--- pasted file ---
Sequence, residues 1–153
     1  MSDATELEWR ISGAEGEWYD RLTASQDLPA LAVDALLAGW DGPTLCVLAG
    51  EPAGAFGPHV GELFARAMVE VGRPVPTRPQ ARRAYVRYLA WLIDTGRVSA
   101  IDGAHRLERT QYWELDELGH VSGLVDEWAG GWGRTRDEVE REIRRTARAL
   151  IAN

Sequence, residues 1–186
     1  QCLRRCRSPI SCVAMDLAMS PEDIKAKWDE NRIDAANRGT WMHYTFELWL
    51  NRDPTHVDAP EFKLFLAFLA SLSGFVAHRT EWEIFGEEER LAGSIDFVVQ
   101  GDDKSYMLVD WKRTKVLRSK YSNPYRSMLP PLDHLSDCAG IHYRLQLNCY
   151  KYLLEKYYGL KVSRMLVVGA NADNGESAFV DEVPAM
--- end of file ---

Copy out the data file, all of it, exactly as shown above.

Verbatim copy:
Sequence, residues 1–153
     1  MSDATELEWR ISGAEGEWYD RLTASQDLPA LAVDALLAGW DGPTLCVLAG
    51  EPAGAFGPHV GELFARAMVE VGRPVPTRPQ ARRAYVRYLA WLIDTGRVSA
   101  IDGAHRLERT QYWELDELGH VSGLVDEWAG GWGRTRDEVE REIRRTARAL
   151  IAN

Sequence, residues 1–186
     1  QCLRRCRSPI SCVAMDLAMS PEDIKAKWDE NRIDAANRGT WMHYTFELWL
    51  NRDPTHVDAP EFKLFLAFLA SLSGFVAHRT EWEIFGEEER LAGSIDFVVQ
   101  GDDKSYMLVD WKRTKVLRSK YSNPYRSMLP PLDHLSDCAG IHYRLQLNCY
   151  KYLLEKYYGL KVSRMLVVGA NADNGESAFV DEVPAM